In her first volume of the Sea-anan romance saga, debut author Kong introduces a war-torn galaxy populated by strange aliens with mystical abilities.
When a traitor allows a growing tyrannical empire to destroy Sea Base Ten, half-human Seacat John McCall and his siblings, the royal family of the Sea-anan Empire, fight against the conquerors, the Dominion, until the civilians can fly to safety. Sending their own ships in opposite directions to lead the enemy astray, the siblings are separated, and John is stranded in an unrecognizable part of space, where’s he unable to contact his people. When a group of Surrealans offer him a lift on the condition they stop at their planet first, John is suspicious but desperate. He agrees, not realizing that the Surrealans have ulterior motives: In order to revive their own people from a ghostlike state, the Surrealans must find the soul mates of their people. John is the soul mate of Jasira, a schoolteacher and midwife’s assistant with a fiery temper and a stubborn streak well-suited to challenging the Seacat warrior. But a war against her people left Jasira and many other Surrealans as mist, invisible and silent to non-Surrealans, only able to reform as solid people by borrowing energy from their soul mates. In a series of erotic encounters, she seduces John, who believes he’s hopelessly in love with a ghost. Their peculiar relationship, formed by communicating only through sex and yes-or-no questions, strengthens as they realize they both want the same thing out of life: a family they can keep safe from tyranny and prejudice. Combining elements of sci-fi and fantasy in a space-opera style, Kong has created a strange new universe peopled with interesting alien races. The physical romance between John and Jasira is steamy, though their interactions are necessarily confined, and John has a tendency to scold his ghostly love. The prose is occasionally awkward, too, and the expression of alien dialects is often more confusing than atmospheric. Still, the setup is intriguing, and given the number of John’s siblings, the Sea-anan saga has the potential to keep readers entertained for several installments.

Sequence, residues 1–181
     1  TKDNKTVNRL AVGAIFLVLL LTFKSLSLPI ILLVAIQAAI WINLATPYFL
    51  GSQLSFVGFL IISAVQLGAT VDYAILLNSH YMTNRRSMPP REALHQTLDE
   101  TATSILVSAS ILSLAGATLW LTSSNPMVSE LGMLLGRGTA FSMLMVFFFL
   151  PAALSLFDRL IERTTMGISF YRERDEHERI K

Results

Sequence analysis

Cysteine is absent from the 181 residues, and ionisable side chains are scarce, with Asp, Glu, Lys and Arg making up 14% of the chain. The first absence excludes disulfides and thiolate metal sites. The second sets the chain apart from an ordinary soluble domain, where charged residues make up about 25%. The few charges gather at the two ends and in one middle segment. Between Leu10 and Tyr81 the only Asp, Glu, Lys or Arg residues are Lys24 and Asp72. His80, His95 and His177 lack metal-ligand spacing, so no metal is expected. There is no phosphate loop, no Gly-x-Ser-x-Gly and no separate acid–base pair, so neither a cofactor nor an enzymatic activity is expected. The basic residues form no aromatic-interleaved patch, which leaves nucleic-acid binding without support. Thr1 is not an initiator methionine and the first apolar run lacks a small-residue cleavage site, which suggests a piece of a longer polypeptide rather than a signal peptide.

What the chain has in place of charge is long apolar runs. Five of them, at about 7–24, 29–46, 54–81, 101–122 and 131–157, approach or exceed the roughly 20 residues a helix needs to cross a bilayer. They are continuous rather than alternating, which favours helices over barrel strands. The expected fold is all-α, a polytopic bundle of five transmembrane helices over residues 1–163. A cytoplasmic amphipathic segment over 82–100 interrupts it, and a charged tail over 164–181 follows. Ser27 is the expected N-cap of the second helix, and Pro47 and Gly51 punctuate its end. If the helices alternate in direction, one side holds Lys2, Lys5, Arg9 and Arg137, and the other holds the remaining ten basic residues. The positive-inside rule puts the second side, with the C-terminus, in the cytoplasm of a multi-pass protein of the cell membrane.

A titillating opening to a space-opera romance series, with enough unique elements to overcome its flaws.